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Inspired by a post by Clarissa on American eating habits, and my upcoming birthday (For which, I will be dining at a French restaurant and baking this cake for myself) I decided to share a story that illustrates why I usually wait until I know a person really well before I offer to cook something for them, or take my own stuff to a social function.

This involves a housemate’s upcoming birthday. I was the only one who cooked from scratch in the house, the housemate with the birthday lived off of english muffins and tortillas covered in mexican cheese microwaved for 4 minutes, and my other housemate had never made any food that didn’t come from a box. The first morning after I’d completely moved in, I made pancakes out of some flour, malt, lemon, and ricotta cheese (my favourite breakfast besides eggs benedict) and housemate 2 walked in on me in utter shock, admitting that she didn’t know you could make pancakes from scratch (She’s 30) I offered her some, but she said it was too unhealthy for her, and so she went out to McDonalds to buy an egg McMuffin for breakfast. I didn’t take it personally, but I have long held a personal grudge against the late Dr. Atkins for incidents of that nature.

Housemate 1 had a birthday coming up, and so both housemate 2 and I decided to bake him something, not consulting each other and realizing we each had planned to do so. For my contribution, I made a pink lady cake. It was summer, strawberries were in season, I got them at the Farmer’s Market for super cheap, and I had milk, cream, and butter from a recent trip to Lifeline Farms. I went to work, and by the end, I had a beautiful cake, rich and buttery, with the perfect amount of sweetness.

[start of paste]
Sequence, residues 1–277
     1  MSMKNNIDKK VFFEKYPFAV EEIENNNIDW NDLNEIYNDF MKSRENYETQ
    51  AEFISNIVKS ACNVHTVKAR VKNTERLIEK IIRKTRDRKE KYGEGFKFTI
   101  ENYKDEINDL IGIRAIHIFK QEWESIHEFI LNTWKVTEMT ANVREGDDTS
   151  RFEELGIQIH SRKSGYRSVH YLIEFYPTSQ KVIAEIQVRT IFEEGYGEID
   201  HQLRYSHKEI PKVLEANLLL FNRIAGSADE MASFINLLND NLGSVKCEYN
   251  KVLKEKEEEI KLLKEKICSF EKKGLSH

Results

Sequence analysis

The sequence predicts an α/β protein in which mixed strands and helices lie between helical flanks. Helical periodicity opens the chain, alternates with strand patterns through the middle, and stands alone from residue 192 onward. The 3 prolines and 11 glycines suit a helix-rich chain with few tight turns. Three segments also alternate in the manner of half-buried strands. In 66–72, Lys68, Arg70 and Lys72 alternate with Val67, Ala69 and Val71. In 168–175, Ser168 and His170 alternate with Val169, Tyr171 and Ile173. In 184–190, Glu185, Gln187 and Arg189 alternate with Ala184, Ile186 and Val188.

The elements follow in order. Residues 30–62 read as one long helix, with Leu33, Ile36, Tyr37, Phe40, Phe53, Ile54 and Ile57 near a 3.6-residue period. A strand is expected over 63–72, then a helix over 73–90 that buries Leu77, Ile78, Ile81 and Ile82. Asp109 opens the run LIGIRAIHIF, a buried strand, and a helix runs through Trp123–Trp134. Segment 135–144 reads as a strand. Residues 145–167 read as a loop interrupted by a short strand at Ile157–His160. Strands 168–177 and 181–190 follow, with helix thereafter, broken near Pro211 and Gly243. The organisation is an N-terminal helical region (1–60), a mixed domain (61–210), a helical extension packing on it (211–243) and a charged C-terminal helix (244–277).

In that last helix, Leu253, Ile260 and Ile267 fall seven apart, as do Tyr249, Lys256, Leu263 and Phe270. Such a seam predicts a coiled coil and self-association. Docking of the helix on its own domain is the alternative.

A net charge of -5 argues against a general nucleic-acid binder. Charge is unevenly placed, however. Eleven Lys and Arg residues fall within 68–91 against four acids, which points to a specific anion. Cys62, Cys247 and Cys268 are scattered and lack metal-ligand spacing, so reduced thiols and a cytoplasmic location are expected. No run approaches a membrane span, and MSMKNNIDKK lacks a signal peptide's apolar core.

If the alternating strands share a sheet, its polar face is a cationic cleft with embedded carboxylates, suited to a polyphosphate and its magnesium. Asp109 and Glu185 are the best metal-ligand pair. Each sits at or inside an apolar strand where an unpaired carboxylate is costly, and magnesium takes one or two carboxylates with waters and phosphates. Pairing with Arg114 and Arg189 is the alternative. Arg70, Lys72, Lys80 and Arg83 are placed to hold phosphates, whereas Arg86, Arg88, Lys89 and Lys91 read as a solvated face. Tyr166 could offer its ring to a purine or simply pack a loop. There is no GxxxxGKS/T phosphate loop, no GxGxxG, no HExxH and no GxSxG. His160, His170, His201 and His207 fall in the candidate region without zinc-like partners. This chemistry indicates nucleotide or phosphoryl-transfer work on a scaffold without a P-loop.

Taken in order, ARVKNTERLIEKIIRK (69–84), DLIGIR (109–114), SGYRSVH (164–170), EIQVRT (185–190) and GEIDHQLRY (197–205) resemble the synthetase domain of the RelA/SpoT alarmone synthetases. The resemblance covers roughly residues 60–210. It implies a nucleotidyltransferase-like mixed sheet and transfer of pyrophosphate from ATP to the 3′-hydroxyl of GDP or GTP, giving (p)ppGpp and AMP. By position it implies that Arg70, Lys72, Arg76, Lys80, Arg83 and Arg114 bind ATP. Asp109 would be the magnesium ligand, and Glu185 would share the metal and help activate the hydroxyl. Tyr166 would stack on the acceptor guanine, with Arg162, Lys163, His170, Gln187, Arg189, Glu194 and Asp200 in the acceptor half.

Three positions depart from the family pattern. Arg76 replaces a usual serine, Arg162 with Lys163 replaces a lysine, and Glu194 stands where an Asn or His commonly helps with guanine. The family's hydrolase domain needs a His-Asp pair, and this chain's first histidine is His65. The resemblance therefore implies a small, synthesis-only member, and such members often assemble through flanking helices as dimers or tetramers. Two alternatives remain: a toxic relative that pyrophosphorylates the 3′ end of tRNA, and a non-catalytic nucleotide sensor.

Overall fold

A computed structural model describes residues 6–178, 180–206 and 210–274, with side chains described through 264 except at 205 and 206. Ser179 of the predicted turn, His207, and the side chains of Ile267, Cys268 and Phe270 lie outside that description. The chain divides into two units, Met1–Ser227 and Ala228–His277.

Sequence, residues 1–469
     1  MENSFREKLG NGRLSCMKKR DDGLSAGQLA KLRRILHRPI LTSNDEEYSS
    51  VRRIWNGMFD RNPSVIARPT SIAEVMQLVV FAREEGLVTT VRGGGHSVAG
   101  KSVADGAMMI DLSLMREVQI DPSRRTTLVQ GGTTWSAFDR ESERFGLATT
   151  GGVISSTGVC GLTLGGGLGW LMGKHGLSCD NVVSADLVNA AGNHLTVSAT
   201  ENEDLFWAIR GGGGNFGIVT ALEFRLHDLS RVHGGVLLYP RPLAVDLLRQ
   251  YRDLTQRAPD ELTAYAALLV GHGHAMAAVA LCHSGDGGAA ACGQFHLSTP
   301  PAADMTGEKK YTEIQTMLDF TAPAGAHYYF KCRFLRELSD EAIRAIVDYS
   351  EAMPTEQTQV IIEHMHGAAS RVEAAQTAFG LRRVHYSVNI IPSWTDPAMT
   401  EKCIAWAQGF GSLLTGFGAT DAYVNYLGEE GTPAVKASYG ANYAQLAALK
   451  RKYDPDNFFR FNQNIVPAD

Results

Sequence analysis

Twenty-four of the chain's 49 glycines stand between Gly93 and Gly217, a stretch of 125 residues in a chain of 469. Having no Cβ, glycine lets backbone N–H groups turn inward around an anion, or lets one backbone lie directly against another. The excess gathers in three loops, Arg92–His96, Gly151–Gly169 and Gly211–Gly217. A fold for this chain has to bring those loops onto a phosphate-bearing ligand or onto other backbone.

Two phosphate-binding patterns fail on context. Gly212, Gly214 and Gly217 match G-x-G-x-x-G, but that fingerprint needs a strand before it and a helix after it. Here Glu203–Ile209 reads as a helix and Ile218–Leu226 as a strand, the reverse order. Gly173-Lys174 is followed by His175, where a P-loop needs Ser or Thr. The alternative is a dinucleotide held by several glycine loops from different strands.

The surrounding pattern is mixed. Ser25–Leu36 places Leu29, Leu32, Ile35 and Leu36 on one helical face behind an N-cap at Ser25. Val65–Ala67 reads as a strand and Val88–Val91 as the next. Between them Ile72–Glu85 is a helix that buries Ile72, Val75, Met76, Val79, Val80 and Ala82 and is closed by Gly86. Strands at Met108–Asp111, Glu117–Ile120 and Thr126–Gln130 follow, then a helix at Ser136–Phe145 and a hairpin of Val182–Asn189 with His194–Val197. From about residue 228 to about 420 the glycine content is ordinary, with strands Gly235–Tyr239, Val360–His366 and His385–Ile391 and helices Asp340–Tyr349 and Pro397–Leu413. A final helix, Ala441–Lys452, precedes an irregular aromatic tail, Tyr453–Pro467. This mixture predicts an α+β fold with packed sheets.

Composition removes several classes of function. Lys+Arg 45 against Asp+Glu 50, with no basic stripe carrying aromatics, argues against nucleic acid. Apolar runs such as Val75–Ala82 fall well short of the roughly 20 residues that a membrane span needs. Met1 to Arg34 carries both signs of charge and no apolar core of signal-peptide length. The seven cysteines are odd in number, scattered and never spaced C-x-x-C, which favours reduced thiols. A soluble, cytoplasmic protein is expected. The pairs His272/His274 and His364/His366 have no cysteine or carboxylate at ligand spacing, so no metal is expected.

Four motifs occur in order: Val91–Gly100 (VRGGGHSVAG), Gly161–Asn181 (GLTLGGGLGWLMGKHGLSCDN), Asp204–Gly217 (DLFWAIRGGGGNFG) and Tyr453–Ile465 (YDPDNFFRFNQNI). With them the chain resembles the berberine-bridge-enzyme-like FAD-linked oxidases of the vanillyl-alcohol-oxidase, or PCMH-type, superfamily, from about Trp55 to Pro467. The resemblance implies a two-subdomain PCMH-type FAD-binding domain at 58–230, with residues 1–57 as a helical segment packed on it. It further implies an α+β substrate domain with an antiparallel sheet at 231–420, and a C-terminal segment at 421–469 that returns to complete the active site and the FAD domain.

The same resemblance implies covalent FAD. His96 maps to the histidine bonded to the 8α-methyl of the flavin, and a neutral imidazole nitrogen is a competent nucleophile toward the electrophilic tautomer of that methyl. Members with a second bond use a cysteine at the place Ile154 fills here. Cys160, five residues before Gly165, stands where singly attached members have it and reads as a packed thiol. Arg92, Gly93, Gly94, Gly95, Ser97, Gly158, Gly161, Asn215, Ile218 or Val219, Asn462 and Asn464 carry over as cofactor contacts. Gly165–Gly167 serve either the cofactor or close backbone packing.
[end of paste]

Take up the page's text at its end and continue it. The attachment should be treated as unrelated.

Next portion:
My housemate used a Betty Crocker mix of cherry cake (I think the little flecks in there were supposed to be cherry, but I suspect it was globs of dried red dye #4) and a pink pillsbury frosting which tasted like sweetened liquid styrofoam. Can you guess which cake housemate 1 liked better?

I ended up taking the barely touched cake to a later function, where it was a big hit to the point where I had people crying tears asking me for the recipe, so my ego regained its buoyancy. However, it got another punch to it when someone at the party told me that he was “overjoyed” to find out that I cooked, because “Women these days don’t know a spatula from their own ass”, which turned into a rant against feminism while I stuffed my face with cake to keep myself from yelling at him.

This feminist bakes, and loves to do so. But she will only bake for you if you can appreciate her delicious desserts without chalking up her ability to do so on her femininity, or turning a cake into a soapbox. My confections are much easier to swallow without washing it down with patriarchal bullshit.